On Seeing Reddish Green and Yellowish Blue

  title={On Seeing Reddish Green and Yellowish Blue},
  author={Hewitt D. Crane and Thomas P. Piantanida},
  pages={1078 - 1080}
Four color names—red, yellow, green, and blue—can be used singly or combined in pairs to describe all other colors. Orange, for example, can be described as a reddish yellow, cyan as a bluish green, and purple as a reddish blue. Some dyadic color names (such as reddish green and bluish yellow) describe colors that are not normally realizable. By stabilizing the retinal image of the boundary between a pair of red and green stripes (or a pair of yellow and blue stripes) but not their outer edges… 
Perceiving opponent hues in color induction displays.
It is demonstrated on two distinct stimulus sets, one formed using a chromatic grid and neon spreading and the other based on solid colored regions, that the chromatic contrast of a purple surround over a red figure results in perception of 'forbidden' reddish-green colors.
Color in visual search
Perception of forbidden colors in retinally stabilized equiluminant images: an indication of softwired cortical color opponency?
It is found that when colors were equiluminant, subjects saw reddish greens, bluish yellows, or a multistable spatial color exchange (an entirely novel perceptual phenomena); when the colors were nonequiluminants, subjectssaw spurious pattern formation.
The Trajectory of Color
According to a consensus of psycho-physiological and philosophical theories, color sensations (or qualia) are generated in a cerebral space fed from photon-photoreceptor interaction (producing
Are there nontrivial constraints on colour categorization?
It is concluded that psychophysics and neurophysiology fail to set nontrivial constraints on colour categorization, and linguistic evidence provides no grounds for the universality of basic colour categories.
Scotopic hue percepts in natural scenes.
The results challenge the classic view that rod vision is achromatic and suggest that scotopic hue perception is mediated by cortical mechanisms.
Partial hue-matching.
This paper puts forth a new method--partial hue-matching--that is based on judgments of whether two colors have some hue in common, which allows a set of component hues to be established objectively, without resorting to verbal definitions.


Trichromatic colour opponency in ganglion cells of the rhesus monkey retina.
The results indicate that trichromatic interactions in the macaque visual system begin in the retina, and that blue‐sensitive cones in the retinal area being considered are likely to parallel the availability of blue‐ sensitivity cones.
Responses of macaque lateral geniculate cells to luminance and color figures.
The spatial tuning of macaque lateral geniculate neurones was compared for luminance-based and color-based lines, and the size of the increase or decrease in firing was noted.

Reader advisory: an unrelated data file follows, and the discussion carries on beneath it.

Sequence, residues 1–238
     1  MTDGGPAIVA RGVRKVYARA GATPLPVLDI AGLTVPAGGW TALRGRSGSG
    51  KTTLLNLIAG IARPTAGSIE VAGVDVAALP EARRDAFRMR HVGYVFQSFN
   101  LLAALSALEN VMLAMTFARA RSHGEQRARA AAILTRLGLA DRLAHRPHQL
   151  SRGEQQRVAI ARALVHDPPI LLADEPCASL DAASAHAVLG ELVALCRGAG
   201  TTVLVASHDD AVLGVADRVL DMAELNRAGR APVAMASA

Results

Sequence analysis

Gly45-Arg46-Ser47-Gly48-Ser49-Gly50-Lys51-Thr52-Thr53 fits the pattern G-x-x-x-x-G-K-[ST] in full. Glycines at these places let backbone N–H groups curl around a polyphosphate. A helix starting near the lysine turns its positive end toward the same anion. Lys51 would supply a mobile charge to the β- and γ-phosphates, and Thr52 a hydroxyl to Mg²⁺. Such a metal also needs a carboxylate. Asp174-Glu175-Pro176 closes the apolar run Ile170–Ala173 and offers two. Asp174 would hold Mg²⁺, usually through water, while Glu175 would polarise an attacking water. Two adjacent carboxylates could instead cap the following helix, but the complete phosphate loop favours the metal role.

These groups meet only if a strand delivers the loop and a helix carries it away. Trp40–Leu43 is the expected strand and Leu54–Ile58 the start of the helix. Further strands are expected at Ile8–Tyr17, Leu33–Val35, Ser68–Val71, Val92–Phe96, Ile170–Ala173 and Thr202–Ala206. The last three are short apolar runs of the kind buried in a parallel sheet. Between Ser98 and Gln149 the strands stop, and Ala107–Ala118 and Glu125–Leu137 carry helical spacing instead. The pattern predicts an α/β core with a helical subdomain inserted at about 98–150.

Effect of retinal image stabilization on the appearance of heterochromatic targets.
  • J. Krauskopf
  • Physics
    Journal of the Optical Society of America
  • 1963
The appearance of targets consisting of central disks of one color surrounded by annuli of another color were investigated under conditions such that the inner edge of the annulus was stabilized but the outer boundary was not.
Enchancement of luminance flicker by color-opponent mechanisms.
Center and surround responses, which are antagonistic at low temporal frequencies, become synergistic at high ones, making these cells most responsive at high frequencies to those wavelengths to which they are least responsive at low frequencies.
An opponent-process theory of color vision.
Throughout some hundred years since the original formulation of the idea, a continued series of attempts has been made to find the proper transformation of the three measured colormixture curves that will bridge the gap and yield the unique spectral distribution curves of the desired physiological correlates of theThree postulated "fundamental" color sensations.
Analysis of response patterns of LGN cells.
Comparisons with psychophysical data indicated that nonopponent cells transmit brightness information; opponent cells, however, carry information about color, the hue of a light being determined by the relative responses of the four types.
Further analysis of the responses of LGN cells.
  • I. Abramov
  • Biology
    Journal of the Optical Society of America
  • 1968
This paper presents a further analysis of the response patterns from the four types of spectrally opponent cells in the macaque lateral geniculate nucleus to diffuse flashes of monochromatic light.
Three-dimensional visual stimulus deflector.
A 3-D visual stimulus deflector has been designed so that a subject can view any stimulus pattern or object through it, and the pattern can be moved over a range of 40 degrees horizontally and 30 degrees vertically.